A politics-free Olympiad? Only in our dreams.
Something we've had lying around for two years, this is the week we finally get to share this Japanese poster for the 1968 Summer Olympic Games in Mexico City. History books and our fathers tell us what a turbulent Olympiad that was. It was the height of Vietnam and the civil rights struggle, and African American runners Tommie Smith and John Carlos raised up a black power salute on the medal podium while the U.S. national anthem was played. That is the event many seem to remember, but of great importance was the Mexican government’s massacre of unarmed student protestors in the Tlatelolco barrio of Mexico City. Although it happened before the Olympics began, the protest was tied to the games because part of the students’ dissatisfaction had to do with the Mexican government’s spending of the equivalent of $7.5 billion to stage the event. Meanwhile, in Europe, the Soviet Union had invaded Czechoslovakia, prompting medal winner Vera Caslavska to turn her head away during the playing of the Soviet anthem. 1968—you wouldn’t really call it a good year. But at least we have this good poster.
, Mexico City
, Ciudad Mexico
, Tlatelolco Massacre
, Summer Olympics
, Vera Caslavska
, Tommie Smith
, John Carlos
, poster art
Good thing Chris Noel dressed for warm weather, because she spent quite a bit of time in the jungle.
We ran across this 1970s-era Japanese celebrity magazine Movie Information featuring Chris Noel on the cover and absolutely had to repost it. She was a notable figure during the Vietnam War due to her “A Date with Chris” radio program, which she broadcast twice weekly to American troops. The show was immensely popular. In fact she was thought by the Viet Cong to be such a morale boost that they reportedly placed a $10,000 bounty on her head. They never managed to kill her, but helicopters in which she rode often took ground fire, and two crash-landed with her aboard. Her efforts to make personal contact with U.S. troops wereremarkable when you consider she had already established herself in b-movies and on television and may have been on the verge of becoming a star. Yet she put Hollywood on hold and instead became a radio broadcaster in a war zone. After Vietnam she tried to return to movies but the reception in Tinseltown was icy for a minor actress who was perceived to have supported a U.S. war of aggression. Eventually she gave up and opened a shelter for homeless veterans, which she still runs today. All in all it’s a remarkable—perhaps even movie-worthy—story.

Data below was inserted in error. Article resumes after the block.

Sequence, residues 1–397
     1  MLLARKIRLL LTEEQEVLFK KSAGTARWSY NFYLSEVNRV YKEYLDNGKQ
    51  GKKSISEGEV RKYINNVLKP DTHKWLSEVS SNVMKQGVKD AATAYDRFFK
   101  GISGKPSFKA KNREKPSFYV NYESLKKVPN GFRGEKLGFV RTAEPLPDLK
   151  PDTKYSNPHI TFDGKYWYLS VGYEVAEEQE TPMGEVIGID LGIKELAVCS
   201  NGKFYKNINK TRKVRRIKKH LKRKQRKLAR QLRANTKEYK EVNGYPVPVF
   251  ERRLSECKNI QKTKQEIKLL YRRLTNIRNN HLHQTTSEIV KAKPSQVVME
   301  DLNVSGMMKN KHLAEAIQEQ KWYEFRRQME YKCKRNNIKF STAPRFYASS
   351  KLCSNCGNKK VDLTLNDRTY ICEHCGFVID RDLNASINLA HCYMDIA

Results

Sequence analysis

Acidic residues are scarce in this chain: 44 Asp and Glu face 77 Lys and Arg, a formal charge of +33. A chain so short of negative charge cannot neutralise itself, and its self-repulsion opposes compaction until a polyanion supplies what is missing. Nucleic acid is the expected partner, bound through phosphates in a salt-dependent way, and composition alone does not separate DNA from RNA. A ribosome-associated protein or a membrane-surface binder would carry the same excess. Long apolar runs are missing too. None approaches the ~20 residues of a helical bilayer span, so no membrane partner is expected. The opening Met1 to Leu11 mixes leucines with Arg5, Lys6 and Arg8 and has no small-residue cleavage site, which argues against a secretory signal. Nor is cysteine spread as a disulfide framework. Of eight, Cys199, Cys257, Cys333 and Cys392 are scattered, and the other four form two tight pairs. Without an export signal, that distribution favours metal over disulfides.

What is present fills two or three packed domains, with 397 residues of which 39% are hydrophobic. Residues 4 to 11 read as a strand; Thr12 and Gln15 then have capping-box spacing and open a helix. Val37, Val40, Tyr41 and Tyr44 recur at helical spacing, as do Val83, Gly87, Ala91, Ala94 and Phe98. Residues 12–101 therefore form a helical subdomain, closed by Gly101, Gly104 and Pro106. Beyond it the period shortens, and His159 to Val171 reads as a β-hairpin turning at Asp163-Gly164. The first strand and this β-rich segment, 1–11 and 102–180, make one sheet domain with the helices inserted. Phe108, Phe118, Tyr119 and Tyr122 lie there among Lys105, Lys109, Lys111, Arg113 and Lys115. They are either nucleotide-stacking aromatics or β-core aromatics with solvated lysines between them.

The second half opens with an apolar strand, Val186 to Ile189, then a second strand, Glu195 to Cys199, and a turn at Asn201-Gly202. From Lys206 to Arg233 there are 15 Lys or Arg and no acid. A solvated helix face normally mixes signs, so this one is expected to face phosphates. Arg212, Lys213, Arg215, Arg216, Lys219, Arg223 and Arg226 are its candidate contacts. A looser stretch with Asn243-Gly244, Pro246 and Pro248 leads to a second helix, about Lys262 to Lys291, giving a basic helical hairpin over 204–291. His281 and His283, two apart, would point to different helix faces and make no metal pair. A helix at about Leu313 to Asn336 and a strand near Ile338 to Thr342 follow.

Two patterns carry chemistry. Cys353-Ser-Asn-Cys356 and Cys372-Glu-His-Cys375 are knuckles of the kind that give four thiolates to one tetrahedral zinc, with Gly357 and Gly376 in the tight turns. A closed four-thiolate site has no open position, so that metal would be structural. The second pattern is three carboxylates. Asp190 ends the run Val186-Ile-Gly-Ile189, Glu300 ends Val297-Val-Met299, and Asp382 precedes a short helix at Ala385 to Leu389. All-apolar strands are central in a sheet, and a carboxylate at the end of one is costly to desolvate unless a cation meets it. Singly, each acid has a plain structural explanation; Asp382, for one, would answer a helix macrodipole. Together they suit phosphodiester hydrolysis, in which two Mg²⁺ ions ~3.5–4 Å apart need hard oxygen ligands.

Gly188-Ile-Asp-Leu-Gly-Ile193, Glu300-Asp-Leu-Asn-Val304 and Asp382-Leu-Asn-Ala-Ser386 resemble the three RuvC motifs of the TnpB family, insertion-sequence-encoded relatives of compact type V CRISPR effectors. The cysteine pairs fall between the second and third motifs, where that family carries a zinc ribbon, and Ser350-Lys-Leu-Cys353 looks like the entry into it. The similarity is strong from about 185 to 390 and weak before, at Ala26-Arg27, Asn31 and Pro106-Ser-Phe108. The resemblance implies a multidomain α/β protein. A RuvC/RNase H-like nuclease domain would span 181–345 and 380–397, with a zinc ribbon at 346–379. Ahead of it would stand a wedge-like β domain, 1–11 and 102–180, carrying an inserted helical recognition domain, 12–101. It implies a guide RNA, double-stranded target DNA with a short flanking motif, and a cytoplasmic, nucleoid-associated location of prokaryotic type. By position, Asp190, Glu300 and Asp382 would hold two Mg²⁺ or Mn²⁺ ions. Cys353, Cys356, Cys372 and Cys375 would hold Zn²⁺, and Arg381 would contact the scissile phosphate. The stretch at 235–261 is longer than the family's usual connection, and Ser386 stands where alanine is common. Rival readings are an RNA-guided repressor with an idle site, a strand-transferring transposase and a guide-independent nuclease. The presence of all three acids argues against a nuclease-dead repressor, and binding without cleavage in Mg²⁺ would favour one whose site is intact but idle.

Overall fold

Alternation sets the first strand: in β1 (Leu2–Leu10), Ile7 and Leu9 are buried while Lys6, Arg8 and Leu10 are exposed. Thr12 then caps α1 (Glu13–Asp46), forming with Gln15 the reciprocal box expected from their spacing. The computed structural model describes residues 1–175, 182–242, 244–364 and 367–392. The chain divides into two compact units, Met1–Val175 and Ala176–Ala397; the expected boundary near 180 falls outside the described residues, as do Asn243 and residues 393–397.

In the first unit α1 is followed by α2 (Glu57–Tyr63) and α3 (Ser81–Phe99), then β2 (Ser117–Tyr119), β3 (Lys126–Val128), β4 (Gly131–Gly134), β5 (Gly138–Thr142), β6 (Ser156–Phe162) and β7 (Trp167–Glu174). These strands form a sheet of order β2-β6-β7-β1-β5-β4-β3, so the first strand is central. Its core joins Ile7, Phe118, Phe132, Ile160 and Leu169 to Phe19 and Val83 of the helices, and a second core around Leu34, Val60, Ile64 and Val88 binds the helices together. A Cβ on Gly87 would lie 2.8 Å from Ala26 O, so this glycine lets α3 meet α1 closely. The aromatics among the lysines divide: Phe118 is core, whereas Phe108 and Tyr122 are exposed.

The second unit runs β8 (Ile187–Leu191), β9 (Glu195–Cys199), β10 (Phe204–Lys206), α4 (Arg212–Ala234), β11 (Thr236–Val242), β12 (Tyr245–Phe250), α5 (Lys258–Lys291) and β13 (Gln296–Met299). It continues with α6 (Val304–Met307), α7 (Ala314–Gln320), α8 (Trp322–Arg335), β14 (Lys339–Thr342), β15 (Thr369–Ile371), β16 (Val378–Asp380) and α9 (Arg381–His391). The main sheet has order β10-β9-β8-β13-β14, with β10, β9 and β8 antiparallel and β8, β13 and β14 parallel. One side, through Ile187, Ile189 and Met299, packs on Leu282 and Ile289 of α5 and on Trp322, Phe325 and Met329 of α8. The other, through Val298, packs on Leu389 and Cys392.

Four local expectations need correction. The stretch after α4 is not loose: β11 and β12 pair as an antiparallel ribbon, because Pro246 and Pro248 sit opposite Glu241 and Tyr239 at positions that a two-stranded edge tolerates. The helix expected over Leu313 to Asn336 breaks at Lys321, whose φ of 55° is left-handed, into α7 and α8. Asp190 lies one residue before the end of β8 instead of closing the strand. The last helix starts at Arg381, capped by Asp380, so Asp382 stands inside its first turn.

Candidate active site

History has written a last draft on Vietnam. The event is remembered by the majority of the world as an error, one that cost the U.S. considerable prestige, and resulted in a humanitarian disaster for the Vietnamese—more than two million civilian deaths according to the most conservative tallies. Even the war’s chief architect, Robert McNamara, who died recently, declared the conflict a colossal mistake. Today Vietnam remains under communist rule, but has restored diplomatic ties with the U.S. and is one of the most welcoming nations in the world, a place where Americanvets comment with amazement upon the Vietnamese ability to put the war behind them despite the ghastly suffering they endured. But whatever history’s take on that divisive period, personalities like Chris Noel are worth admiring. During a time when politicians, pundits, and protestors fought a war of their own over the direction of the United States, Chris Noel rejected the glitz and glamour of Hollywood in order to serve the grunts who were sacrificing their lives on the firing line. |
The headlines that mattered yesteryear.
1916—Paris Is Bombed by German Zeppelins
During World War I, German zeppelins conduct a bombing raid on Paris. Such raids were rare, because the ships had to fly hundreds of miles over French territory to reach their target, making them vulnerable to attack. Reaching London, conversely, was much easier, because the approach was over German territory and water. The results of these raids were generally not good, but the use of zeppelins as bombers would continue until the end of the war.
1964—Soviets Shoot Down U.S. Plane
A U.S. Air Force training jet is shot down by Soviet fighters after straying into East German airspace. All 3 crew men are killed. U.S forces then clandestinely enter East Germany in an attempt to reach the crash but are thwarted by Soviet forces. In the end, the U.S. approaches the Soviets through diplomatic channels and on January 31 the wreckage of the aircraft is loaded onto trucks with the assistance of Soviet troops, and returned to West Germany.
1967—Apollo Fire Kills Three Astronauts
Astronauts Gus Grissom, Edward White and Roger Chaffee are killed in a fire during a test of the Apollo 1 spacecraft at the Kennedy Space Center in Florida. Although the ignition source of the fire is never conclusively identified, the astronauts' deaths are attributed to a wide range of design hazards in the early Apollo command module, including the use of a high-pressure 100 percent-oxygen atmosphere for the test, wiring and plumbing flaws, flammable materials in the cockpit, an inward-opening hatch, and the flight suits worn by the astronauts.
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